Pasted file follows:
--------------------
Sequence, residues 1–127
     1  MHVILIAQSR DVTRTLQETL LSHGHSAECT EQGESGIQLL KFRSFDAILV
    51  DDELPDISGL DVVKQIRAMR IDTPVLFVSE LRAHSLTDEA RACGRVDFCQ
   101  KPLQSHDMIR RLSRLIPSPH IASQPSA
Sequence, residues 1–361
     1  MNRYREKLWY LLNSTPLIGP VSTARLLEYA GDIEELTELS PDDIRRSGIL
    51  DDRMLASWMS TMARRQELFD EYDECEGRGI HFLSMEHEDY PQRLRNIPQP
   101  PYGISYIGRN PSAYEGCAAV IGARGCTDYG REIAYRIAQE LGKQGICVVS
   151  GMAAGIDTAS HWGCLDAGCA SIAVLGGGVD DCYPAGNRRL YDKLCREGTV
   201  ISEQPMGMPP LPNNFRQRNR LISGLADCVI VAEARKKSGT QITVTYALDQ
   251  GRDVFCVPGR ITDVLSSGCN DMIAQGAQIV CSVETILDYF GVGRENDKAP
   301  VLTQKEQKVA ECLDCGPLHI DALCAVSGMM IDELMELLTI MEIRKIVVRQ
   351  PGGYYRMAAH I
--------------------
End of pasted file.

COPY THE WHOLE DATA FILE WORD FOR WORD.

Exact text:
Sequence, residues 1–127
     1  MHVILIAQSR DVTRTLQETL LSHGHSAECT EQGESGIQLL KFRSFDAILV
    51  DDELPDISGL DVVKQIRAMR IDTPVLFVSE LRAHSLTDEA RACGRVDFCQ
   101  KPLQSHDMIR RLSRLIPSPH IASQPSA
Sequence, residues 1–361
     1  MNRYREKLWY LLNSTPLIGP VSTARLLEYA GDIEELTELS PDDIRRSGIL
    51  DDRMLASWMS TMARRQELFD EYDECEGRGI HFLSMEHEDY PQRLRNIPQP
   101  PYGISYIGRN PSAYEGCAAV IGARGCTDYG REIAYRIAQE LGKQGICVVS
   151  GMAAGIDTAS HWGCLDAGCA SIAVLGGGVD DCYPAGNRRL YDKLCREGTV
   201  ISEQPMGMPP LPNNFRQRNR LISGLADCVI VAEARKKSGT QITVTYALDQ
   251  GRDVFCVPGR ITDVLSSGCN DMIAQGAQIV CSVETILDYF GVGRENDKAP
   301  VLTQKEQKVA ECLDCGPLHI DALCAVSGMM IDELMELLTI MEIRKIVVRQ
   351  PGGYYRMAAH I